I wrote that last post in February of last year but chose not to publish in the midst of some new movements in the work world. I was right about to start a completely new endeavor as an Associate Producer on a low budget feature film, and I didn't want to publicize any wavering commitment to the project or my newfound colleagues. We shot through March. It was a great experience, full of new people, new situations, a new headspace. And it jumpstarted a period of productivity I hadn't had in a long time.

2014 was the first year I was a real freelancer. I didn't apply for unemployment even once; I had fairly steady work. It felt good, to be sure. I didn't completely hate New York for the first time in two years. There was a moment at the end of June, when I'd finished all of the jobs I had going, when I finally looked around and had nothing to do for the first time in six months. It was a nice breather before the panic set in: am I a freelancer in a lull, or am I unemployed? Is this it for me, six months of good work and then I'm done? But fortunately by the end of July, I had another couple jobs come in. And that was an even more fantastic feeling.

Not that any of this is has been lucrative by any means. I miss my salary so much. Even a low salary is something, and it's something stable. None of this "we'll wait until the 30th day of the 30 days you gave us to pay you" bullshit. Last year I made a little more than half of what I was making at the University, and then there's that pesky little thing called taxes, which I'm not looking forward to for the first time ever. But hey, the most important thing here is that things were looking up in 2014, and was I happy. Right? Not so fast.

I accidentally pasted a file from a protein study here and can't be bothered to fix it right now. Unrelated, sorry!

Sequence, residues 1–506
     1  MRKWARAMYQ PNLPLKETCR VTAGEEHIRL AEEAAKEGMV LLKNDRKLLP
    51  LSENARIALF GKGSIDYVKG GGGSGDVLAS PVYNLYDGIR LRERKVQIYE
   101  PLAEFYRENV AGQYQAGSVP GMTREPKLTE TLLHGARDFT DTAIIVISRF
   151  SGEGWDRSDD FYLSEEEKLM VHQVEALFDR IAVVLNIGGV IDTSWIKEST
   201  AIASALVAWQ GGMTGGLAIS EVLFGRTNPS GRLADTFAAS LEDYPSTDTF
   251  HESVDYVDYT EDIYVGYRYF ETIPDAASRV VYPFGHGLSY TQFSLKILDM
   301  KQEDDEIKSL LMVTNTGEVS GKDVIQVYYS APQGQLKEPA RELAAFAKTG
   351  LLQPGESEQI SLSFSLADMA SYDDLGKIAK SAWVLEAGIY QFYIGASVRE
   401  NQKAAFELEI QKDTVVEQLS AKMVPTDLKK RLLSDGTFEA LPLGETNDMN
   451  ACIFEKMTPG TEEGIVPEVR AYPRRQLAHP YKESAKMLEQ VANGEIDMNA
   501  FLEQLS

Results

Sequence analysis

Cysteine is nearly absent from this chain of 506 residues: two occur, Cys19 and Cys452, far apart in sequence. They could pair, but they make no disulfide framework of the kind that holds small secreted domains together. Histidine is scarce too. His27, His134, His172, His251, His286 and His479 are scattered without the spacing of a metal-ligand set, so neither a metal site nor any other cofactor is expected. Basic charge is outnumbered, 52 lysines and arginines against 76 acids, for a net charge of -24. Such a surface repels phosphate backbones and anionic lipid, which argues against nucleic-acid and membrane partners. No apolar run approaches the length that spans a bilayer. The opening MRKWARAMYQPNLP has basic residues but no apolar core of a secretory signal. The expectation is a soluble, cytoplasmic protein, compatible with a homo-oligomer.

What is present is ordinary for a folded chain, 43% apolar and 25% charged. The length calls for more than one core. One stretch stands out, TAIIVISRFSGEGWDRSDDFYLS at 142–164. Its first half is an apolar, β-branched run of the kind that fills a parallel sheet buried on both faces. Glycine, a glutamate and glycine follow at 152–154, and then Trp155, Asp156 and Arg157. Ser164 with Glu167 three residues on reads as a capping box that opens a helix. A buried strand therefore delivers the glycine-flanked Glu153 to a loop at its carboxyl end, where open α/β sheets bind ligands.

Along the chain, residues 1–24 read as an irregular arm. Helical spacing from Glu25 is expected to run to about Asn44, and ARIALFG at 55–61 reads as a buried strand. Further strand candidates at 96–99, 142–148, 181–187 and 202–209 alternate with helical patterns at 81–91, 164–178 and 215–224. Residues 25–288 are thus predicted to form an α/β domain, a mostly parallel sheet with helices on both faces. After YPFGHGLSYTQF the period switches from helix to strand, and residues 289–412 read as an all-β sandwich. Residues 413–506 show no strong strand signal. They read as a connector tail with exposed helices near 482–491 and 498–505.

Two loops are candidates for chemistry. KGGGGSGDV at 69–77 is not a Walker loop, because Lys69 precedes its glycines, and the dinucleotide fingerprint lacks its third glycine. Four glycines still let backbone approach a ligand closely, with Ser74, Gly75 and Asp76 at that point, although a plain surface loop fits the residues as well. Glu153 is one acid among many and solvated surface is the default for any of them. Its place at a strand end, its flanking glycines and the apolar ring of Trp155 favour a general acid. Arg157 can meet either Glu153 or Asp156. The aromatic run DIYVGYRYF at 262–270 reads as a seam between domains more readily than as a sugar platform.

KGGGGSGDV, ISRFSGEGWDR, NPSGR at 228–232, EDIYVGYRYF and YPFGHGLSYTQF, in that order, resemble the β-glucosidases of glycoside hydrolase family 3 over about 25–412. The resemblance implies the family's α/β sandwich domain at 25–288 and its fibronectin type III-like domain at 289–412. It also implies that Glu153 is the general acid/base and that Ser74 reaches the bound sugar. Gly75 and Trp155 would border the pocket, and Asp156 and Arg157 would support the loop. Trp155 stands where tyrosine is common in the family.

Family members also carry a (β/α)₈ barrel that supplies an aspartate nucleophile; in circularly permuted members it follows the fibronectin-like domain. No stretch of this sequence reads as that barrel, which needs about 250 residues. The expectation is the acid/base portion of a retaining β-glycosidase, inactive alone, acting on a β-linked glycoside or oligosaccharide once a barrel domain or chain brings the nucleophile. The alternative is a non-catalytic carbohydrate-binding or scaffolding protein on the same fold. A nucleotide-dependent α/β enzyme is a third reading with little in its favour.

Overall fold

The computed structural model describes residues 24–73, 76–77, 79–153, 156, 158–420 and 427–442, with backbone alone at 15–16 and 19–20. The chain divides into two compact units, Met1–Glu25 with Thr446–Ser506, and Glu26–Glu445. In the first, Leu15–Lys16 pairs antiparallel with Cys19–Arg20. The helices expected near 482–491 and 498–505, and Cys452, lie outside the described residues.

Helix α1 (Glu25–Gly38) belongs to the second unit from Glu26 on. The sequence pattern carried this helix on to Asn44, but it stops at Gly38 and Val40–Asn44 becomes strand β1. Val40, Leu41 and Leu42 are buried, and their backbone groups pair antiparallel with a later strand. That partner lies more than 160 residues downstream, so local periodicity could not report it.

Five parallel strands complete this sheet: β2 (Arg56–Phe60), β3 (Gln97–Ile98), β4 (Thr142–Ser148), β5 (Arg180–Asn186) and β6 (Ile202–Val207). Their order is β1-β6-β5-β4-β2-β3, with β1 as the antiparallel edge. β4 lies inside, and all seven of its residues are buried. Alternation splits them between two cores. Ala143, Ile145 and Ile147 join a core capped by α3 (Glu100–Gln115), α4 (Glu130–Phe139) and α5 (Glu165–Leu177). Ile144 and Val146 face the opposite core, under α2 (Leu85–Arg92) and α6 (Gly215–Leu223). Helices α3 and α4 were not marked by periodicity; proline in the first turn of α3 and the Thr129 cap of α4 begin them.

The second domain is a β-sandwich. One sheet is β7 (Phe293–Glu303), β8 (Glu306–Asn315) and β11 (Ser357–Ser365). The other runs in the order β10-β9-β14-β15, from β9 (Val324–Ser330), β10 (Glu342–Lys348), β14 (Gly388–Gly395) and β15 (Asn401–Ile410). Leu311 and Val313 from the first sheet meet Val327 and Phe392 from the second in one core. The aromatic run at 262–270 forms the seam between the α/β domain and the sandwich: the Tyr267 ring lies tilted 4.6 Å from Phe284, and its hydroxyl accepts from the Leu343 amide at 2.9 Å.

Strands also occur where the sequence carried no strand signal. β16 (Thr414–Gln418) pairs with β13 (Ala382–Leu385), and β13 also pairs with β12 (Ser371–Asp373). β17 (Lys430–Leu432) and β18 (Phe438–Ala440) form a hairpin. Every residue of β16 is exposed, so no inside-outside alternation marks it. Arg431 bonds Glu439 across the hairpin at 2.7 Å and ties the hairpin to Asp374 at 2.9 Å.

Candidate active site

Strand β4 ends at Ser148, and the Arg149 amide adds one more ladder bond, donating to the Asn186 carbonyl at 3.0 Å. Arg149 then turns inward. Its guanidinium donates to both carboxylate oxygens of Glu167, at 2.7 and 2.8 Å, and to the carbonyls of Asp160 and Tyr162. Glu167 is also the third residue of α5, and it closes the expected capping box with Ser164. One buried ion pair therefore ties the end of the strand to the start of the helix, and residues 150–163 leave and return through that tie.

The steadier work got (and man, was I thankful for that!), the more I cared what I was working on. What I'd written in February kept nagging away in the background: I'm not feeling fulfilled, there is a disconnect here. For jobs on which I was just the editor, I could engage with the content only very little. I missed thinking about the content and actively getting a worthwhile message across. My work with the American Museum of Natural History has been a godsend in this regard. They have so many great things going on there, and I'm really happy and always grateful to be a part of what they're doing and the messages they're sending to the public.

And working in close proximity to education again has helped me solidify my decision to apply to grad school. After talking about it for a year, I finally submitted my applications to three great schools. And after batting around multiple ideas about how to best approach my interest in psychology, I finally found the most amazing program I didn't even know I was looking for: a cognitive studies in education program that specifically explores how we learn and how such knowledge can be applied to other topics, such as media. Sesame Street may not be so far away after all. I find out in March.

Wednesday, February 12, 2014

Do the Hokey Pokey

February 11, 2014